In the last few years, there have been a plethora of theatrical productions tackling toxic masculinity and the pressure on young males to act as “real men”, whatever it means. The last Edinburgh Fringe Festival offered a wide selection of shows on the topic, from laugh-out-loud plays to more serious shows, and I am glad about this attention, as it is a real problem that can lead to very dysfunctional behaviour when these young men become adults.
Lad (not to be confused with Lads, also showing at the Vault Festival), written and performed by Rhys Dunlop and Alan Mahon, directed by Thomas Martin, is the latest brilliant example of how awareness on such an important and delicate topic can be raised while entertaining the audience from start to finish. This is a two-men show: Steve (played by Mahon), a young male working as a shelf-stacker in Tesco, and a second, who I will call ‘Lad’, the personification of Steve’s desire to be a perfect alpha male (played by Dunlop). Lad’s main role is to make sure Steve behaves like a real man, and as a true lad to get laid as much as possible. However, beneath the surface, Steve is a sweet, slightly shy and insecure man, so Lad has to be constantly vigilant to stop Steve’s unmanly behaviour like apologising or displaying feelings.
Steve is trying to write a speech for Dan’s wedding, as he is the best man; at the same time, he is applying for a new job as a tour guide at Dublin Zoo, because he has a huge passion for animals, and desperately looking for a plus one to take to the wedding. What ensues is a series of very politically incorrect situations under the sex-focused advice of Lad, always resulting in bad decisions and catastrophic results. All these misadventures build up to a breaking point and a moment of realisation that there is more to life than being a lad.
The onstage chemistry between Dunlop and Mahon is phenomenal, both very believable in their character. Dunlop is the perfect embodiment of what it means to be a lad, he is brash, energetic, vulgar and very transparent in his priorities. The hour-long show flies by, there is no slack, no moment to breathe, it is very funny even in its crudest moments. Clearly the show is not suitable for a younger audience or for easily offended people, as it is very rude and very graphic. However, it portraits perfectly the pressure young men are subject to in an attempt to become the perfect alpha male. The audience laughed a lot with a few groans at the most graphic descriptions. I found the show useful to reflect on how damaging some of the language we hear nearly every day: phrases such as “Man up”, “Stop being a girl” etc.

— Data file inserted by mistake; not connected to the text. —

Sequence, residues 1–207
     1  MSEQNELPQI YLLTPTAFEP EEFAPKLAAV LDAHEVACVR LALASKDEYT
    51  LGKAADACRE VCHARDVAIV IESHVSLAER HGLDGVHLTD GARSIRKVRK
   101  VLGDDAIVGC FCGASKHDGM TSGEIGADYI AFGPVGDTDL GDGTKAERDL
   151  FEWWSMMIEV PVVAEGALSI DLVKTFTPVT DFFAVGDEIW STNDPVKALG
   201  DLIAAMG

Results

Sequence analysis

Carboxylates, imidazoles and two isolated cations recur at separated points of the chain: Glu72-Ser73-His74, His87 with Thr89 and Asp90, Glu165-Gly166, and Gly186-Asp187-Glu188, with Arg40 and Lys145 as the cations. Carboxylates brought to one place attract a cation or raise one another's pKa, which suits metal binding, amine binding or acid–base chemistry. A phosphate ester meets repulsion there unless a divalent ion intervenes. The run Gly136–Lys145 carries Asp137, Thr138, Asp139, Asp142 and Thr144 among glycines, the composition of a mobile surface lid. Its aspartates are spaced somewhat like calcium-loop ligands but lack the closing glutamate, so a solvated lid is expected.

In summary, I enjoyed the show and found it effective in raising awareness on the topic of toxic masculinity, even if a bit crude. The depiction of Lad was spot on and the energy on stage was infectious.
Review by Fabio Ghiotto
Steve is ﬁne. No really, he’s grand. He’s a lad. He’s always been a lad — one of the lads. But the lads have changed and Steve feels like an endangered species. The last of his kind. With nobody to talk to.
But there’s one lad left. His lad. And his lad… talks back.
LAD is a cheeky two-hander that tugs playfully at the knot of toxic masculinity.
A balls-to-the-wall comedy about… balls. And becoming a better man.
Written and performed by Alan Mahon & Rhys Dunlop
Director Thomas Martin
Movement Consultant Bryan Burroughs
Lighting Design Cillian McNamara
Sound Design Ekaterina Solomatina
Set Design One Duck
Set Builder Stephen Lockhart
4 – 8 Mar 2020